Hall-of-Famer Earl Lloyd, the first black player to play in the NBA, died Thursday at 86 years-old.
The 6-5 Lloyd broke the league’s color barrier in October 1950 when he appeared in the Washington Capitals’ season-opener. He was joined as one of three black players in the 1950-1951 season by Nat “Sweetwater” Clifton and Charles Cooper.
“The Big Cat” played nine seasons with the Capitals, Syracuse Nationals, and Detroit Pistons before retiring in 1960. He sat out the the 1951-1952 season to serve in the U.S. Army, and won a championship with the Nationals in 1955. Lloyd had career averages of 8.4 points and 6.4 rebounds per game.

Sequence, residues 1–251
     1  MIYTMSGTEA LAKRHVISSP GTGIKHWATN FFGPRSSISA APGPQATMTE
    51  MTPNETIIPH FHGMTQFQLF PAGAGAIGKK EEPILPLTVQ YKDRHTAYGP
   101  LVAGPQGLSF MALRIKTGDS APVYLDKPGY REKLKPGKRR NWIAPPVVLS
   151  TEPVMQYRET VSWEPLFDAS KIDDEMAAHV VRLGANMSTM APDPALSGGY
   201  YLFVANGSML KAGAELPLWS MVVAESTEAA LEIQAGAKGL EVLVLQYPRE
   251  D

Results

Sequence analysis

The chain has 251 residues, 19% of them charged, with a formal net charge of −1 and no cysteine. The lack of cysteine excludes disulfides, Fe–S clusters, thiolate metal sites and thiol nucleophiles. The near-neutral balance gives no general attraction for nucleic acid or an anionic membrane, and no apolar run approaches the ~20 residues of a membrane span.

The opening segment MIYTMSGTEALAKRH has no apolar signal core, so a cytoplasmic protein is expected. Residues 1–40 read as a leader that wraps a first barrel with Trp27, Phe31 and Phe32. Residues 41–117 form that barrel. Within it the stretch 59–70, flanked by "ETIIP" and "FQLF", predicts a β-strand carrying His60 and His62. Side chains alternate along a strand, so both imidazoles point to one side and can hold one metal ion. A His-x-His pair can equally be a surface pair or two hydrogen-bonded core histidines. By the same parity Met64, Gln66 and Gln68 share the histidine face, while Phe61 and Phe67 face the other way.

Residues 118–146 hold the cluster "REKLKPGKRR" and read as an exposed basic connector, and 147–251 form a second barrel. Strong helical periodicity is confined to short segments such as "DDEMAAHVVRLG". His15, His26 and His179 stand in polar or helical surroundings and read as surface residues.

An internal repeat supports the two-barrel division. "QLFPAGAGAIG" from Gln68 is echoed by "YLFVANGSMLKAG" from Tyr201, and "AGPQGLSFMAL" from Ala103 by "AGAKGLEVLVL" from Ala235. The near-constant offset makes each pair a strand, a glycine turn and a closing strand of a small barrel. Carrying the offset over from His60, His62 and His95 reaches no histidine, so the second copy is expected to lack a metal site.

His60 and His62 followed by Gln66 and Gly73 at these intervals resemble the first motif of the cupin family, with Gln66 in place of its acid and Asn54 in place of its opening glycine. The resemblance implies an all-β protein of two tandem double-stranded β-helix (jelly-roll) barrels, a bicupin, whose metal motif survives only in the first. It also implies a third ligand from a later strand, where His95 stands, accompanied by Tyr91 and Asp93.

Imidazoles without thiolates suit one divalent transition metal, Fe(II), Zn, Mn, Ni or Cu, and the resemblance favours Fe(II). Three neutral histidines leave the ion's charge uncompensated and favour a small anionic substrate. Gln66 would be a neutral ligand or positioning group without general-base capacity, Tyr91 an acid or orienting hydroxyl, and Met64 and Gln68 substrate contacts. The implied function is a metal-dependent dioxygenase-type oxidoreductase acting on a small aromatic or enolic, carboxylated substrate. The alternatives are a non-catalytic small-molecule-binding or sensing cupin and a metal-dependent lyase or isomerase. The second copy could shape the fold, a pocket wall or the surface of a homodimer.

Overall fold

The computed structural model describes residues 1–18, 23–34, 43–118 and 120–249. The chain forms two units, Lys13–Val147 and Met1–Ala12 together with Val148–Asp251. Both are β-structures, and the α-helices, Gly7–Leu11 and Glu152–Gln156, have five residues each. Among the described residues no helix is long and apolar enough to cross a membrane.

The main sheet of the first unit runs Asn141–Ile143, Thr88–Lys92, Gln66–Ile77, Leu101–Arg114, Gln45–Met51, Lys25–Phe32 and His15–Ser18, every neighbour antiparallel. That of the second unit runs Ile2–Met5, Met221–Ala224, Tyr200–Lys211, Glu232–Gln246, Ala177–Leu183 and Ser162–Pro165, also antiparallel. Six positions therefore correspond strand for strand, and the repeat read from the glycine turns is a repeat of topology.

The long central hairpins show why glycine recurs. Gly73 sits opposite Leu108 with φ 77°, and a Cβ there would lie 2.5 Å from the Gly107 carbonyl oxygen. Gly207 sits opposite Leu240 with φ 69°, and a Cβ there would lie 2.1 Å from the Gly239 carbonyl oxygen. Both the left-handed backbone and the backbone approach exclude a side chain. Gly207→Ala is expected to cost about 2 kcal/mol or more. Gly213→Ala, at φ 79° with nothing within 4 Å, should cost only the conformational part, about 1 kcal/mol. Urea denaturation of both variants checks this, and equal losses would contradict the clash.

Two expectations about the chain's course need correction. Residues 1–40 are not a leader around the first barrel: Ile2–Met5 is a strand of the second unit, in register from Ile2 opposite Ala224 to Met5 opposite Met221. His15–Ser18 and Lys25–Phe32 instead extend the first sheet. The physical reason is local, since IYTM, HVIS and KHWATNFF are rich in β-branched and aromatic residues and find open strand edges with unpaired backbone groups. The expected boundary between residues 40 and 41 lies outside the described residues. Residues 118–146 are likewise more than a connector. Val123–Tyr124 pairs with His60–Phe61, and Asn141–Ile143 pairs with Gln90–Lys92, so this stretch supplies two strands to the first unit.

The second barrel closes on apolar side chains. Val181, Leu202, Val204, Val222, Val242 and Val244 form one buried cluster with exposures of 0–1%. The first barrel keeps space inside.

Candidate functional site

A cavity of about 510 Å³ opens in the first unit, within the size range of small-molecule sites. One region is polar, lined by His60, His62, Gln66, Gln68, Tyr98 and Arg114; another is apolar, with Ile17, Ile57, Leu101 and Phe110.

He was enshrined to the Naismith Basketball Hall-of-Fame as a contributor in 2003.
Though Lloyd’s on-court accomplishments were hardly remarkable, his impact on the game needs no explanation. Along with Clifton, Cooper, and so many other brave contemporaries, he helped pave the way for countless players past and present who’ve made the NBA the world’s best professional sports league.
Our thoughts are with Lloyd’s family and friends. Though he’ll certainly be missed, his influence will last forever.
[Video via OfficialHoopHall]